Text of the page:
|S & P 500|
|WTI Implied Volatility|
1 U.S. Dollar Index (DXY), which is a weighted index of a basket of currencies, per U.S. dollar. As the dollar strengthens against other currencies, the value of the index rises.
2 U.S. bonds is based on the negative of the change in yield on 30-year U.S. government bonds because as yields rise, bond prices fall.
3 Inflation Expectations are based on daily changes in the 5 year Treasury ï¿½ TIPS (Treasury Inflation Protected Securities) spread.
Stocks have traditionally been the largest investment market. Economic conditions can cause prices for stocks and commodities, including oil, to move higher or lower together. As macroeconomic conditions improve (or worsen), earnings for companies increase (or decrease) and demand for commodities as raw materials rise (or fall) as well. Economic expectations are one possible reason why a positive correlation was observed during 2008-2010 between the S&P 500, a benchmark for stock markets, and crude oil, one of the most heavily traded commodities in the world.
In addition, there were significant changes in the level and appetite for risk during 2008-2010. Over the past decade, crude oil has shown similar risk/return characteristics to stocks. As a result, during periods where risks were rising significantly (during the financial crisis) and then abating (during recovery), stocks and prices for crude oil and other commodities could tend to move in the same direction.
As economic conditions improve (or worsen), interest rates on government bonds will tend to rise (or fall). Since bond prices and interest rates move in opposite directions, U.S. Treasury bond prices and the price of crude oil would also tend to move in opposite directions in times of significantly changing economic conditions.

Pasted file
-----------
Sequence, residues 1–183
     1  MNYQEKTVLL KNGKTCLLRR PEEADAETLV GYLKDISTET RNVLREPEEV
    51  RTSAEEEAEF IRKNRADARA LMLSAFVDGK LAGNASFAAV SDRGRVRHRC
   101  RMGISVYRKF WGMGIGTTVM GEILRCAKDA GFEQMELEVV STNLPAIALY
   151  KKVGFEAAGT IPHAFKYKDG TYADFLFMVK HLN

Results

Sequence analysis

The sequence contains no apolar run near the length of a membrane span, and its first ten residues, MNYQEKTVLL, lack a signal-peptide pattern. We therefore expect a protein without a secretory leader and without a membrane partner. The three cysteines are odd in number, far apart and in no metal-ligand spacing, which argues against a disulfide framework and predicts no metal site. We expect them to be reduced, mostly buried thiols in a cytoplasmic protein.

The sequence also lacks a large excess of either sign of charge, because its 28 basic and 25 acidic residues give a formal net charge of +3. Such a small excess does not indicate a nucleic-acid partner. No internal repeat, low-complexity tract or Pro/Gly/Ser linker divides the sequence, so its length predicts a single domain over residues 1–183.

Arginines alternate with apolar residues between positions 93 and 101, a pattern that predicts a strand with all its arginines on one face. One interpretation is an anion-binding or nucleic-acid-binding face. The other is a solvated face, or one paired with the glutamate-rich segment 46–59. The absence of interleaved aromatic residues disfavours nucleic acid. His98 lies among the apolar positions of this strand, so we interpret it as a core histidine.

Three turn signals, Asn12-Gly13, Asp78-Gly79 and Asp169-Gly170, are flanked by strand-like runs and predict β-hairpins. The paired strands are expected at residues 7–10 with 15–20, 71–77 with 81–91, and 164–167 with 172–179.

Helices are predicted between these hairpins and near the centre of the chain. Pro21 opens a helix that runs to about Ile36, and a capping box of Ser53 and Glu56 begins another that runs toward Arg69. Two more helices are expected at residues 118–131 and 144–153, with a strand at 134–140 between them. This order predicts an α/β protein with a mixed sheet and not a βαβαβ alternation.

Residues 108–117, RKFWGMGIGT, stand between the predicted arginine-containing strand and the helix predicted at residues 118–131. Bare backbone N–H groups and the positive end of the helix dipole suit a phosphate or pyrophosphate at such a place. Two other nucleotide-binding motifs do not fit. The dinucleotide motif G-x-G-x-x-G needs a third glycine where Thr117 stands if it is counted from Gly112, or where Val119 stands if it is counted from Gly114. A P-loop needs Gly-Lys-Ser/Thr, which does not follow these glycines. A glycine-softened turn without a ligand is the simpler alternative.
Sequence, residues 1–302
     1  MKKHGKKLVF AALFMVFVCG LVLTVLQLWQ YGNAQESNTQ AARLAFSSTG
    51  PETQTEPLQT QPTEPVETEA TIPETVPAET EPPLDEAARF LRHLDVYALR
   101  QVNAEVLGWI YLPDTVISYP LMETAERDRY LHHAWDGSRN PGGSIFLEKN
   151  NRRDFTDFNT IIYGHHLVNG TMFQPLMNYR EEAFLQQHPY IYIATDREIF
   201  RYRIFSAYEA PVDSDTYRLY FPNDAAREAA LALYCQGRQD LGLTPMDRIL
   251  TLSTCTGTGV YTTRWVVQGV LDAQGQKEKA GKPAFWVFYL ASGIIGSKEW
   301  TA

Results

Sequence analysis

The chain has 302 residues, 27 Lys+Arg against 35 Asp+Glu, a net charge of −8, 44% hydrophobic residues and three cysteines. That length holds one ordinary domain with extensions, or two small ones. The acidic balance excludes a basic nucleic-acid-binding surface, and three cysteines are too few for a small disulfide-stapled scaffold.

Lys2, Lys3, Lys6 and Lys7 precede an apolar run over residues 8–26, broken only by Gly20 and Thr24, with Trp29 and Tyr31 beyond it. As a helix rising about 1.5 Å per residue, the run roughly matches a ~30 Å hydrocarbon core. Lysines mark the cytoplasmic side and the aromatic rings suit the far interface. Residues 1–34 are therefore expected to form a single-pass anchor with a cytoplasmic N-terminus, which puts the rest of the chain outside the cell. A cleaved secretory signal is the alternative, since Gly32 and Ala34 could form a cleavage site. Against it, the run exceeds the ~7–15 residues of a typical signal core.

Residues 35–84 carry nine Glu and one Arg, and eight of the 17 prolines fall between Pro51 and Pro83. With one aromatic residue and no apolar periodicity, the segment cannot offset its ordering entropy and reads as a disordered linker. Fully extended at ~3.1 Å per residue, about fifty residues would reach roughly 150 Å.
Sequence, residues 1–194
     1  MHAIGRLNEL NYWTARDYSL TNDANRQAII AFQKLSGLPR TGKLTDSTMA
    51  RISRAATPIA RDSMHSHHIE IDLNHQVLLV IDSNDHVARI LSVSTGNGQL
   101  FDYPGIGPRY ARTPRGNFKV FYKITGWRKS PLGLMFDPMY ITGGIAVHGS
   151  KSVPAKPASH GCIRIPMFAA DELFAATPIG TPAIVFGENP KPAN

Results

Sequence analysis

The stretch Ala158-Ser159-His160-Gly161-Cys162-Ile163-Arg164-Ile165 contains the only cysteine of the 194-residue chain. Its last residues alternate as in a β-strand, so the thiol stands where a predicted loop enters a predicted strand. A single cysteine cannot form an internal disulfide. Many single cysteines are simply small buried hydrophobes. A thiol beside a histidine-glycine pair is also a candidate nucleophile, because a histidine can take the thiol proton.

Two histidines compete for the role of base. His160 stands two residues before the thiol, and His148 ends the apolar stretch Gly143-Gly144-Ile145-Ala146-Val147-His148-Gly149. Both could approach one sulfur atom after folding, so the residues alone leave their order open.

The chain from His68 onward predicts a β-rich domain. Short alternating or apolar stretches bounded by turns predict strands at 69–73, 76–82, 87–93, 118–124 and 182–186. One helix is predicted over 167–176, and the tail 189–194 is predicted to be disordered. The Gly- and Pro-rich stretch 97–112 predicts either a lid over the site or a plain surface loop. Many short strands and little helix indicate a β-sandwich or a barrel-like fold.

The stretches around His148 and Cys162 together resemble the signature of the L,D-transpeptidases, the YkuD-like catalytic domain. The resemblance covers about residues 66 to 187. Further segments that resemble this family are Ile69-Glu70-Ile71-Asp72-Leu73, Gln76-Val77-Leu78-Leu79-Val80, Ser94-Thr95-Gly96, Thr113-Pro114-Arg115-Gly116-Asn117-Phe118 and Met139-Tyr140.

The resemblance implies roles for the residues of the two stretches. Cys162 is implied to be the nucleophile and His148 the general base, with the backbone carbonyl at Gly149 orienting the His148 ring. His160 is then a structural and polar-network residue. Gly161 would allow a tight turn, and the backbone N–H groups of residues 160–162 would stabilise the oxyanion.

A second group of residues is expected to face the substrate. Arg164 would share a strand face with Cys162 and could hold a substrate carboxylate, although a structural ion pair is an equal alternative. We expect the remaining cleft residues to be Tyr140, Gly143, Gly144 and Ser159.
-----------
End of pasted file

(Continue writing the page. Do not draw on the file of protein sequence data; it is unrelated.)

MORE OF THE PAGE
In addition, bonds, the second-largest investment market, are often viewed as lower-risk investments than stocks, albeit with lower average returns. As an asset class, bonds are generally less volatile and carry a lower chance of losing principal. U.S. Treasury bonds, in particular, are usually considered a riskless investment. As investors become worried about future returns in higher risk assets, such as stocks and commodities, they tend to increase allocations to bonds in their portfolios.
Several hypotheses have been offered that tend to support an inverse relationship between the exchange value of the dollar relative to other currencies and crude oil prices. The first is simply that because oil benchmarks are traditionally priced in U.S. dollars, a depreciation of the dollar decreases the effective price of oil outside the United States. This decreased cost may increase consumers' demand for oil, adding upward pressure to prices.
A second potential reason is that U.S. dollar depreciation will decrease the effective profits of non-U.S. producers, when converted into foreign currencies. To counteract this, these countries may target higher dollar prices of oil to maintain real revenue, budget levels, and purchasing power in world markets. Dollar depreciation also reduces the returns on dollar-denominated assets, when measured in foreign currencies, which may increase the attractiveness of foreign investing in commodities like oil. Commodity investment may also become more attractive to U.S. investors as a hedge against inflation if dollar depreciation tends to increase expectations of greater inflation.
Finally, a rise in oil prices also expands the U.S. trade imbalance, which can put additional downward pressures on the dollar, again yielding a negative correlation albeit with causation going in the reverse direction. Despite these many possible explanations, the actual correlation between oil prices and exchange rates has not been stable over time, and was close to zero for more than half of the last decade.